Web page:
We found adventure when our local guides were able to float our qamutiks (sleds) across the open lead we had just paddled to reach the floe edge. We watched the newly arrived delicate Red Phalaropes. En-route, we watched how a Polar Bear sniffs out a Ring Seal through the pack ice, and waits patiently at the breathing hole for it to surface. Well, almost patiently - it sat down, like a puppy dog, then flat out laid down and fell asleep. We were also witness to the miracle of a spring solstice tide which took away 7 km of pack ice in a single night, giving us a new floe edge with wide open water. We parked ourselves right next to where we spotted some narwhal resting on the surface. We watched as the water exploded with Narwhal everywhere, hundreds of them coming up from their deep dives, some with 9 to 10 foot tusks, lifting them to clear other Narwhal from one side to the other, only meters from the edge. The spectacle lasted nearly a couple of hours. There was no need to remind anyone to be quiet. We were all speechless. This trip was a good reminder of what life was like for the Inuit who, for centuries, depended on wildlife to survive. A late spring, with too much ice, or even just a small change in an animal’s migration could spell disaster. To have the wildlife arrive brings renewed life. It is incredulous how the Inuit can laugh where we would panic. Life is so much better when you laugh.

Return to Arctic Bay

On the return to Arctic Bay, we stop into Tangmaarvik where Dexter’s, one of our guides, great grandmother lived half of a century ago. It is south facing here, warm, with a beautiful view of Strathcona Sound and Admiralty Inlet. The first of the spring flowers have shown their purple and yellow colours, while the newly arrived Horned Lark sings. Lemmings scurry in the grasses. We count nearly a dozen Thule style winter house sites, alongside the more modern sod and wood frame house sites. We contemplate how peaceful life must have been for the families who lived here, before being re-located to Arctic Bay in the sixties. Dexter’s great grandmother is the oldest elder in Arctic Bay, recently celebrating her 95th birthday. She chooses to still live in a small shed, the size of the sod house she left in Tangmaarvik. She can reach everything from her bed. We watch her chew the leather for the mitts she makes, and enjoy the heat from her qulliq (a traditional oil lamp). Her pot over her qulliq heats her Snow Goose soup. The wick making the long flame across the qulliq is made from dandelion seed. We need to duck to enter through her small door, where the pot of char rests which her grandkids brought. Walking the dirt road here in Arctic Bay, looking up at the red Cambrian rock, it’s hard to think about leaving for down south. The spirit of the North can make it’s way into your soul, begging you to return time and time again. Jane Whitney Great Migrations of the NW Passage

Report from the Field – Narwhal and Polar Bear Safari 2015

June 22nd, 2015 | By | Filed in Uncategorized

The 2015 Narwhal and Polar Bear Safaris have wrapped for another season. We spent 37 days on the ice with a great group of people from around the world. Some of whom had some really nice things to say about their trip. Mark F said "Everything was fantastic." Ronald K wrote, "The trip was more than I expected. Thank you!" Bonnie H sent us a message that may resonate with you, "Initial fears faded the more we did impossible things successfully." Andrew, Ren and BrianWe also received some compliments about our Expedition Team members. {No surprise to us, but always welcome!} Andrew, Ren and Brian of our expedition team are pictured. Bonnie H had this to say, "Billie and the other edlers were amazing. Watching the efficiency and strength of the drivers and crew was impressive." Our Expedition Leader, Andy, earned this praise, "Andy was an incredibly knowledgeable and approachable guide." How was the food, you ask? "Delicious meals attractively presented, plus plenty of snacks," was one comment we appreciated receiving. Brian P had one word to say, "Delicious!" Berniece P thought the food was very good, but was really pleased that her allergy was noted. We'll let Joann K have the last word, "All in all a wonderful experience." Book your 2016 Narwhal and Polar Bear Safari, now. There are 4 departures. Learn more >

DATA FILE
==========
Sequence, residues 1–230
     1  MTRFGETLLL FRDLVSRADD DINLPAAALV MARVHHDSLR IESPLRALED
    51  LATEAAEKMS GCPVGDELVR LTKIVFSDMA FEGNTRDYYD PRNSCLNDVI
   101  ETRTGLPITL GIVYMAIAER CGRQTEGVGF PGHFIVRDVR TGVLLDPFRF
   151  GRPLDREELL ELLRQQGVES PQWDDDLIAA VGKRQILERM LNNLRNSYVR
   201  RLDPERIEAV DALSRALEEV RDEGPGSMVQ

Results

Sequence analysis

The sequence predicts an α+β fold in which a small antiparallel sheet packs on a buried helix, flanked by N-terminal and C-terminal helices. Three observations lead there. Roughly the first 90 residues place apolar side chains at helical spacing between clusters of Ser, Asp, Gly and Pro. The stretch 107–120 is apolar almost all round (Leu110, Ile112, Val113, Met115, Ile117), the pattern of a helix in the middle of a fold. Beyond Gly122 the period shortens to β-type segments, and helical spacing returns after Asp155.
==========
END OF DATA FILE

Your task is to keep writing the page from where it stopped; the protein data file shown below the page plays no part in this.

Do you have what it takes to #enjoy an Arctic adventure?

January 5th, 2015 | By | Filed in Uncategorized, Upcoming Trip

Iceberg and woman

At last, my dream has come true

If you have decided to book an Arctic safari or getaway, you are already a special type of traveller. Most likely you are curious about the natural world, passionate about wildlife and have a sense of adventure. You could have been motivated by the desire to go where few have gone before. Perhaps, you grew up reading about the search for the Northwest Passage and dreamed of seeing it yourself one day?

How to enjoy your Arctic adventure

When you pack your bag, there are some essentials that do not take up room or put your luggage over the weight limit. These must-packs are free, but have great value, because they will ensure that you enjoy your Arctic adventure: Flexibility - local conditions and the natural behaviour of wildlife dictate a day's agenda while on the land. Change is inevitable. Patience - wildlife don't read itineraries. We use local Inuit knowledge to place our camps near known wildlife haunts, but you may find you have to wait patiently by the floe edge until the mammals appear. Adaptability - provisioning an Arctic camp takes months of planning. Every bit of food and equipment must be carried in...and out. More than 15 years of experience outfitting our trips has taught us what works well. Be prepared to try new foods and new things. Adaptability is a key quality for enjoyment. If you are flexible, patient and adaptable then you have what it takes to enjoy an Arctic adventure. Join us on the adventure of a lifetime?

#PolarBearWeek @ArcticKingdom – Polar Bear Legends

September 17th, 2014 | By | Filed in AK PRODUCTS & SERVICES, Uncategorized

Polar Bear

Polar Bear by Jane Whitney

The people of the Far North have legends they have handed down for generations, particularly about polar bears interacting with human beings. One polar bear legend tells of an Inuit family that lived next door to a family that looked like humans but were actually polar bears. The story claimed that when polar bears shift into people their fur is left on the on the ground. Another Inuit legend revolves around an old woman who had no family to hunt for her. She discovers an abandoned polar bear cub and adopts it. She names the cub Kunik. As he grows up under her care,  Kunik's hunting skills surpass those of the men in the community, who become jealous and threaten to kill the bear. His adopted mother encourages Kunik to run away to protect himself from the hunters. The polar bear leaves but continues to hunt for his mother. Polar bear legends that tell of bears with the characteristics of people are a natural extension of a fundamental Inuit belief. Explorer Knud Rasmusssen noted while living with the Inuit that they believe that all living creatures have souls. The diet of humans, then, consisted entirely of souls. Thus hunting rituals were adopted to demonstrate respect for the souls of the animals they hunted.